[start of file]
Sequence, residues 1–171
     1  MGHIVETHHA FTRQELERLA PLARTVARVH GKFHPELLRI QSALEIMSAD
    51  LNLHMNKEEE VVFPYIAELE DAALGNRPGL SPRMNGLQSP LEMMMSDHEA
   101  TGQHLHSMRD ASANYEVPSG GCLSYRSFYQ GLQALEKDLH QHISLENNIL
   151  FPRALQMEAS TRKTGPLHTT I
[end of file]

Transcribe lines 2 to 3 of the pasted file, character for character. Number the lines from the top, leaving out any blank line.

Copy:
     1  MGHIVETHHA FTRQELERLA PLARTVARVH GKFHPELLRI QSALEIMSAD
    51  LNLHMNKEEE VVFPYIAELE DAALGNRPGL SPRMNGLQSP LEMMMSDHEA